N.Y. District Revitalizes Curricula With New Math & Science Packages
Across the country, math and science teachers are being asked to emphasize conceptual understanding of their subjects rather than mastery of isolated skills. In response to that challenge, the Niagara Falls School District in Niagara Falls, N.Y., has launched a pilot project centered around a multimodal, technology-based solution that covers the entire K-12 math and science curricula. A Collaboration of Teachers The project began last fall with the participation of two schools; three more came aboard over the summer. The entire district will be participating over the next three years. Through a districtwide network, a group of instructors are collaborating on the development, dissemination and management of curricular units, to be electronically transmitted to classrooms. All teachers received specialized training on the software during a five-day workshop this summer. At the end of the workshop, they were given a color laptop computer, which will be designated as the teacher workstation in each classroom. Currently, there are four computers in each district classroom and an additional four to six machines in student labs and libraries. The elementary schools utilize mainly Macintosh models while the middle and high schools use IBM compatibles, all loaded with ClarisWorks and a variety of other applications. Shirley McCormick and Ann Rose Mallo, curriculum and technology specialists, are training teachers and students with the project software, Rediscover Science and Rediscover Mathematics, from Edunetics Corp., Arlington, Va. McCormick says all involved have thus far expressed great enthusiasm over the packages, which reflect guidelines and standards established by the NCTM and AAAS and support strategies endorsed by various state and district frameworks to empower young students as active learners. "The Niagara Falls School District was looking for something that was going to match our district goals," explains McCormick. She adds that the Rediscover series includes an extensive set of offline activities that demonstrate the real-life relevance of math and science. "We didn't want to just put five computers in a classroom." Labs Support Further Learning Participating classes may spend 20-30% of their time with the software's core lessons, organized by theme and content area. Teachers then draw upon literally hundreds of suggested lab activities, science projects and reading, writing and thinking exercises. An open management system lets teachers plan units, activities and tests; assign/track students and classes; view/print progress and mastery data; and grade work. It also allows third-party software to be installed as either lessons or productivity tools. Through an embedded student portfolio component, meanwhile, one can observe the dynamics of the learning procedure and view the aggregate of student progress and achievement-the way they interact, create and conduct projects, and solve problems. McCormick says she is particularly impressed with the high quality and diversity of the packages' activities, which range from simulations and explorations to interactive tutorials. She cites one unit entitled Act & Impact, which includes a segment on civil rights activist Rosa Parks. The online lesson allows students to garner detailed information on this event. The Niagara Falls School District has formed a partnership with Edunetics to deliver curriculum to grades K-12 during the five-year implementation plan. Aiding Teachers' Evolution Throughout the process, Edunetics has provided comprehensive training and support, including onsite workshops and weekly conference calls. "You just can't dump software in the classroom" and expect dramatic results, notes McCormick. In fact, the entire Edunetics product line adheres to an approach known as Instructional Curriculum Integration, in which teachers deliver curriculum, facilitate electronic learning and assess student achievement. Based on her observations, McCormick says the approach succeeds-by imparting essential skills as well as motivating and preparing students for more advanced math and science studies.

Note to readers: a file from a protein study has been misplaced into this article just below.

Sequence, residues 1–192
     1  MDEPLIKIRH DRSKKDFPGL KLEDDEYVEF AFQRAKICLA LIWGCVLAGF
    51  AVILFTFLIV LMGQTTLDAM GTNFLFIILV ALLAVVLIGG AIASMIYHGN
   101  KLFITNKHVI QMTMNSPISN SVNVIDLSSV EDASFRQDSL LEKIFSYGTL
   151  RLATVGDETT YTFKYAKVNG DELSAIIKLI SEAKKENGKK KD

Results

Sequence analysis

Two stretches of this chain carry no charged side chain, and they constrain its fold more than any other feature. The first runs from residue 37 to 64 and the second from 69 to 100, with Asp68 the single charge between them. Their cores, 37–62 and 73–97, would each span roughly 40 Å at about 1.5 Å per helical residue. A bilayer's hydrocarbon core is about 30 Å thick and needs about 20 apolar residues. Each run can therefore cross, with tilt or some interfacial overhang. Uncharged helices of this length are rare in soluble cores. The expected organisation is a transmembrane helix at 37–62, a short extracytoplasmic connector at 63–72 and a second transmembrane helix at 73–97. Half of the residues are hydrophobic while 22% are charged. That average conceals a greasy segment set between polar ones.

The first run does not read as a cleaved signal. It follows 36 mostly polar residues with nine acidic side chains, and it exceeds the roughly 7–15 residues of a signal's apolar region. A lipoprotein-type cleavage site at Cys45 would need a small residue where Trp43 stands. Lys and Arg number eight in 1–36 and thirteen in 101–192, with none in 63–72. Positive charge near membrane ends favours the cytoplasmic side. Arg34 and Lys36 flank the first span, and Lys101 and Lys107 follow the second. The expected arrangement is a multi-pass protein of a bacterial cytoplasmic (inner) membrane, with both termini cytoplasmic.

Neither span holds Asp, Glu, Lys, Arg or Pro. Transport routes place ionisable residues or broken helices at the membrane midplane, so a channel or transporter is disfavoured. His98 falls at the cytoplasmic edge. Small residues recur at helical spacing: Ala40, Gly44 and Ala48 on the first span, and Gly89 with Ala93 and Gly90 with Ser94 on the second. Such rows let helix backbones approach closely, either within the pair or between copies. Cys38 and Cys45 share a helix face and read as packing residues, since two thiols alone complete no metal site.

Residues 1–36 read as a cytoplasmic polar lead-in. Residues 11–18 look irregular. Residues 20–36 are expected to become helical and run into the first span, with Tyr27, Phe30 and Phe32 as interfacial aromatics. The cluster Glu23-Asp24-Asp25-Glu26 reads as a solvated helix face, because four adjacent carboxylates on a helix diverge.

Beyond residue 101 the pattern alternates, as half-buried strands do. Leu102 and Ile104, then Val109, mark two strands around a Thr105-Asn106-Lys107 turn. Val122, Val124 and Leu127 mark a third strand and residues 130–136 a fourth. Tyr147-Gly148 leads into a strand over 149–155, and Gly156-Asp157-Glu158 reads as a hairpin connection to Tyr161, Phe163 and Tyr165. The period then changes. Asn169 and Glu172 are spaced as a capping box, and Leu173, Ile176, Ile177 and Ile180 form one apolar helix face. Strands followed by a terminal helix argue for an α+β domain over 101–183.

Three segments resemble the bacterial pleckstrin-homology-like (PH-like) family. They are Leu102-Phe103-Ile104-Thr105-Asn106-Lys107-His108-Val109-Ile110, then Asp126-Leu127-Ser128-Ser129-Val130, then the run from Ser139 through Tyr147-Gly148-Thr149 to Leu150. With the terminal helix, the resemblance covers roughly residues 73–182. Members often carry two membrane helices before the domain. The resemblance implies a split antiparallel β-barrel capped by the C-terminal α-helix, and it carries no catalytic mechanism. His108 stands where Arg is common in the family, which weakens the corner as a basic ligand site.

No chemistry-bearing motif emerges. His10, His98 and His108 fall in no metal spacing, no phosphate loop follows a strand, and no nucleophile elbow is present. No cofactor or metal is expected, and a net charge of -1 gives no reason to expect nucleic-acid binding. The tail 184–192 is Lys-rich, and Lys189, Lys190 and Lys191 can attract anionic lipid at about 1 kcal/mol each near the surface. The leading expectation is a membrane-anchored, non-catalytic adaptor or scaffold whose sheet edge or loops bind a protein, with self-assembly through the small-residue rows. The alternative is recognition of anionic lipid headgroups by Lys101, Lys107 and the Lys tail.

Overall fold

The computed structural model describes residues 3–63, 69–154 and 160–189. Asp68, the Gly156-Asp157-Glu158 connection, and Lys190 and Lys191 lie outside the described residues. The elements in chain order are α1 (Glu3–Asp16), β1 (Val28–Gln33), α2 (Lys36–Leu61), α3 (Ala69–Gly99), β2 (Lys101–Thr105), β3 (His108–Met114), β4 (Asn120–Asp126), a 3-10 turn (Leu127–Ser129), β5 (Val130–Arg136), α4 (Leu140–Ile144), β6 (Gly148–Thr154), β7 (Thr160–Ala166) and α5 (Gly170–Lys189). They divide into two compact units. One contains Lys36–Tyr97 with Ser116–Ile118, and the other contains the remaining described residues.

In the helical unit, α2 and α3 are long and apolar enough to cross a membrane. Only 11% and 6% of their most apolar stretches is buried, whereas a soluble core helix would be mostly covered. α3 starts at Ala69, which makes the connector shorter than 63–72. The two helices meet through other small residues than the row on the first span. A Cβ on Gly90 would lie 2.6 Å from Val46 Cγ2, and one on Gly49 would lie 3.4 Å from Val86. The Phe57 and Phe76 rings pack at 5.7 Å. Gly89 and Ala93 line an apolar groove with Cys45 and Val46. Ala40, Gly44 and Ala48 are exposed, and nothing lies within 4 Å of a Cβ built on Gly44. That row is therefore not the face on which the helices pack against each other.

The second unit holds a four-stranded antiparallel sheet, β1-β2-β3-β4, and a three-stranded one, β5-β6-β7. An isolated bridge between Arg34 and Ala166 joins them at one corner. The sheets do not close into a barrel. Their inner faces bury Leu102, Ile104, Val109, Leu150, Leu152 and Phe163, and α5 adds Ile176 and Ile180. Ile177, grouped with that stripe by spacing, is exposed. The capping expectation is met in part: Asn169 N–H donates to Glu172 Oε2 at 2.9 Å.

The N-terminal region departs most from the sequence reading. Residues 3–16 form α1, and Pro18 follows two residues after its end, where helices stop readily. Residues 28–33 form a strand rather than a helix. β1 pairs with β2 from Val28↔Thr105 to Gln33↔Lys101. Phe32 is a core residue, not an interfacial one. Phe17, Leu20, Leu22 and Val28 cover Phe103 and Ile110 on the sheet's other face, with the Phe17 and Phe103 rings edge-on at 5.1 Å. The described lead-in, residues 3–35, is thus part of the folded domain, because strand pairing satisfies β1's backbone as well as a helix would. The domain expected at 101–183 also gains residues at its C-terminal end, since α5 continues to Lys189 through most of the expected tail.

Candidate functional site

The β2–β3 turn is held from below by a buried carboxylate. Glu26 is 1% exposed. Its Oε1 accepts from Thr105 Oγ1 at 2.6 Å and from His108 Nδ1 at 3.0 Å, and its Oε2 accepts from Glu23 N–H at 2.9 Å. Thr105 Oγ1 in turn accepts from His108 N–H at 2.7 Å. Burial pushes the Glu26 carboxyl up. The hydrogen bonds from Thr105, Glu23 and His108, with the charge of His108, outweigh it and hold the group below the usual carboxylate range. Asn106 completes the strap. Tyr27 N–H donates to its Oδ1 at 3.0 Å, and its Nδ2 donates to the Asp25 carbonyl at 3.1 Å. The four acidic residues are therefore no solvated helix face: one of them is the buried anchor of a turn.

This article originally appeared in the 08/01/1995 issue of THE Journal.